God must Cry


Wooden candlestick being crafted on a homemade lathe in Botswana, Africa

I met a man selling African carvings at the Northwood Centre in Edmonton last week. No one was around, so I stopped to chat.

“I’m curious which country these curios are from.”


“I spent my childhood years in South Africa and Botswana.”

“That’s a long way away.”

“Yes, it is. My sister and her family are living in Cameroon, which is closer.”

“Yes! Right around the corner from Ghana.”

“Are you selling these carvings for friends?”

“Yes. I go back to Ghana every year for a visit. When was the last time you were in Africa?”

“I went with my husband and daughter in 2003. We visited Victoria Falls. The day we went there were over 100 vendors trying to sell curios to buy food for their families. It made me very sad, because I knew I couldn’t buy from all of them. It’s a beautiful country, but the politics is ruining it.”

“Politics in Africa is interesting. Everyone has an idea of what should happen. And many people end up very poor, with nothing.”

“They may be poor, but they are generous. They’ll give you the shirt off their back.”

Yes, they will. There are also many greedy people. Like churches. In Ghana every second house is a church.”

“Really? Every second house?”

“Oh yes. People have figured out there’s money to be made if you have a ‘church’ and they invite people in and take their money. They even ‘hang them upside down and shake out the pockets’ to make sure they got it all.”

“God must cry when He sees that happen.”

This conversation has continued to play in my head. And I ask myself, “How do people see me and my faith? Am I living so that they see a true picture of God, or is it all distorted? Do I make God cry?”


  1. Eleanor Bertin on April 11, 2014 at 11:59 am

    So very sad when God’s truth is counterfeited! Did you get any more details about what he meant by “church” in these homes and where the money was coming from?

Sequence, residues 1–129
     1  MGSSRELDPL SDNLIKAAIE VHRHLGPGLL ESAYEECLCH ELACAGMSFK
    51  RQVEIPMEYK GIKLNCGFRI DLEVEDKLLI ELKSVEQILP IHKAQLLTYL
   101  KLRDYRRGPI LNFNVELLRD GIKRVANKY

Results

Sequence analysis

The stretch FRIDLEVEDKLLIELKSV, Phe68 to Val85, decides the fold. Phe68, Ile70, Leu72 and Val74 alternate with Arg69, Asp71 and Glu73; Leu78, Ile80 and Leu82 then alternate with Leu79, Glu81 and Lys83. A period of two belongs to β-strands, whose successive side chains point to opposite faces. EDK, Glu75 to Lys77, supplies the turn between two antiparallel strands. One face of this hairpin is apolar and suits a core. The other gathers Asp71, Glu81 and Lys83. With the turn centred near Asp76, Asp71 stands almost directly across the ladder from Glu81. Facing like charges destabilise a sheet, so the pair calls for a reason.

• Ruth L. Snyder on April 11, 2014 at 1:24 pm

      I had my son with me and by that point in the conversation, my son was ready to move on. Our conversation ended with the man telling me that god was whoever we made him to be. I’m praying for him and plan to stop by the mall again to see if he’s willing to carry on the conversation.

  2. wantonwordflirt on April 12, 2014 at 6:46 pm

    Interesting conversation, interesting blog post. Appreciate you sharing this….it has me thinking too!

  3. Ruth L. Snyder on April 12, 2014 at 8:53 pm

    Thanks for letting me know 🙂 May our thoughts bring about positive change in our lives and the lives of others.

  4. sharonespeseth on April 24, 2014 at 12:05 pm

    What a heart-breaking reality check! Both for what is going on in Africa and sometimes we see this in televangelism. Thankfully, not all, but it does happen. We all need to be our authentic selves in Christ. Thanks for posting this blog, Ruth.

  5. Ruth L. Snyder on April 24, 2014 at 12:14 pm

    You’re right, it is heart-breaking. It’s no wonder that some people want nothing to do with God when people, who call themselves Christians, act this way. May we be faithful in showing people God’s love in practical ways.

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